“Our shared goal for the pilot is to reach students across the country who might not otherwise have access to courses like these,” Cudd said. “These could be students who are enrolled at other institutions or students who are just trying a course like this on their own.”

Regardless of their unique personal circumstances, most students share one trait: thrift.

At universities that charge tuition on a semester basis, the cost per credit is not always clear. But many community colleges do explicitly charge per credit, Rasmussen says, making it easier for students to compare those costs to the $400 Outlier charges—a fee that includes access to all necessary course materials. Other online companies offer different pricing models, like the $199 per month subscription service at

However, many online courses from unaccredited companies are ineligible for financial aid.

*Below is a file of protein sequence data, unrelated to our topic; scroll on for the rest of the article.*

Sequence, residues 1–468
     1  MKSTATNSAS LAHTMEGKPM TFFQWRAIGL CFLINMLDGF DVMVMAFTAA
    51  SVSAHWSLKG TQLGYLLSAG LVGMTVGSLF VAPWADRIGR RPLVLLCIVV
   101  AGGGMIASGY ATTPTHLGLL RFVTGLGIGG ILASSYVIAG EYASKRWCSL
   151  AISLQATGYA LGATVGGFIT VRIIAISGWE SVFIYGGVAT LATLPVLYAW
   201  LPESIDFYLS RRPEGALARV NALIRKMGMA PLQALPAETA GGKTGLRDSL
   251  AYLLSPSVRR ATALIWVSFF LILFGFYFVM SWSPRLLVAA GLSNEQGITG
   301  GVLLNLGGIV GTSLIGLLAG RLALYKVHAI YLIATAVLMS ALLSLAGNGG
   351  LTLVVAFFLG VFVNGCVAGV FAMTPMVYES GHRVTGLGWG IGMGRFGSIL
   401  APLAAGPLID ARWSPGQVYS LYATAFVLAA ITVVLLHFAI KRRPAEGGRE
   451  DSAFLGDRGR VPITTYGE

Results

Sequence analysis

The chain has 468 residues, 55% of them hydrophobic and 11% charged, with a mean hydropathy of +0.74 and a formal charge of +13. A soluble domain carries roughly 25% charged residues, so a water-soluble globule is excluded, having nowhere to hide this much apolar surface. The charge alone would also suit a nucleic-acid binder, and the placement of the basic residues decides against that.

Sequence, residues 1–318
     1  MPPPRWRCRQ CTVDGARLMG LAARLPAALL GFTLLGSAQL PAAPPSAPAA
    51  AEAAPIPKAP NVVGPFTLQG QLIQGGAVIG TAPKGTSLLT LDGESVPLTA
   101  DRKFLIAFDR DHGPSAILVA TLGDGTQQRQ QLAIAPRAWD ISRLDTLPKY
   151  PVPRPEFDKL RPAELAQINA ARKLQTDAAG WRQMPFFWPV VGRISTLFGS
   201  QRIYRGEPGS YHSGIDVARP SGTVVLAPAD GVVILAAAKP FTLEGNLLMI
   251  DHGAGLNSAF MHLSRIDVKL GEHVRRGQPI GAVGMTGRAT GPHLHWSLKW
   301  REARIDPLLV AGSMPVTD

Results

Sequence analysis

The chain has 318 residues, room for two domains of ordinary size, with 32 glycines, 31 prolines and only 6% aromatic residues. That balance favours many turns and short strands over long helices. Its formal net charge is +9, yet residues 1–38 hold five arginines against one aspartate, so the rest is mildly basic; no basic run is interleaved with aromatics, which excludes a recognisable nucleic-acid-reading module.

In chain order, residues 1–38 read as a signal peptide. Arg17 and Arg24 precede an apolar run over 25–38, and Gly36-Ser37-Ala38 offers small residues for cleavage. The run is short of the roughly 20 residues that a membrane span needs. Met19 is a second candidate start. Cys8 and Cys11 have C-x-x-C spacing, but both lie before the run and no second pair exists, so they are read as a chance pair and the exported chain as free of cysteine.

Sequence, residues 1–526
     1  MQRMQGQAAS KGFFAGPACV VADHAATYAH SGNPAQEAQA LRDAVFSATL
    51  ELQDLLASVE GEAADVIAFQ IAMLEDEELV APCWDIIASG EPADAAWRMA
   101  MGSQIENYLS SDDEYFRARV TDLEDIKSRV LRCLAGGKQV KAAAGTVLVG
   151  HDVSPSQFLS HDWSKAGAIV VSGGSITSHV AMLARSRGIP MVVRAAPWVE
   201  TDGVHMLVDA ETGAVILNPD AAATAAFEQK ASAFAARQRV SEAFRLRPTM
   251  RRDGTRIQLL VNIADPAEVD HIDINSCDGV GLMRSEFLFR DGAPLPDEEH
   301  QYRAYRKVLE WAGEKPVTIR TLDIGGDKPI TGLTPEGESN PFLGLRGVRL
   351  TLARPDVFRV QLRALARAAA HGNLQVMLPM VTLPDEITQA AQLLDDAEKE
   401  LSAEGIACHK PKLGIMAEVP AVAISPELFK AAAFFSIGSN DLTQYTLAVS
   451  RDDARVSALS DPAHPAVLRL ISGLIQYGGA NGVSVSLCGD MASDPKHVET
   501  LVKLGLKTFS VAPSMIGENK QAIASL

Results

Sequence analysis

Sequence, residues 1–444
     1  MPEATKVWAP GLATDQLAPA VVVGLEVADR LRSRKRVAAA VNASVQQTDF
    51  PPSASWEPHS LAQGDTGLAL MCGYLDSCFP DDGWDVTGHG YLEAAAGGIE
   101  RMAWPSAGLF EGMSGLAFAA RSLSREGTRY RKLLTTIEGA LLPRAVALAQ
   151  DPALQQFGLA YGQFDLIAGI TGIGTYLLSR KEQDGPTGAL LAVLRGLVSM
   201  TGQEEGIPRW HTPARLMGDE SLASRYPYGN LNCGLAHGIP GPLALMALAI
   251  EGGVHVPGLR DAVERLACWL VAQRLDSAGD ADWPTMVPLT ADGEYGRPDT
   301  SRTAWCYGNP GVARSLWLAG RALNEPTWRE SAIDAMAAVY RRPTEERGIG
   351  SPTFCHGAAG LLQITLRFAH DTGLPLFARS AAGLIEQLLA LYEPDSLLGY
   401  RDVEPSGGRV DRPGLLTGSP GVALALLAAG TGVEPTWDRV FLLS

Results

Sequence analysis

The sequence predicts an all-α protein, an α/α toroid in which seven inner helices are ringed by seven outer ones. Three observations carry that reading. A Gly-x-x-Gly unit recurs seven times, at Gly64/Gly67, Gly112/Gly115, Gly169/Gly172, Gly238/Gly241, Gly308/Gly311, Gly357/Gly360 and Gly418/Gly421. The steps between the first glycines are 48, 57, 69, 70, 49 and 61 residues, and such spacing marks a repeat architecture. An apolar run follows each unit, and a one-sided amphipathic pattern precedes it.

Some students also turn to online credit-eligible classes to complete degree requirements more quickly. classes are broken into micro-lessons of just four to six minutes.

“In general, students will complete these college courses faster than a typical course, but it covers the same syllabi material,” says Adrian Ridner, co-founder and CEO.

Speed is not one of Outlier’s goals. The company’s first two 14-week courses are designed to run parallel to traditional semester classes, in part so that student cohorts can collaborate virtually.

But Rasmussen does hope to stand out from the competition by offering highly engaging instruction. Drawing on his experience at MasterClass, he made sure to “cast” professors whose teaching style he thinks is exciting enough to keep students interested.

“I’ve spent a long time filming charismatic people,” he says. “I know what works well.”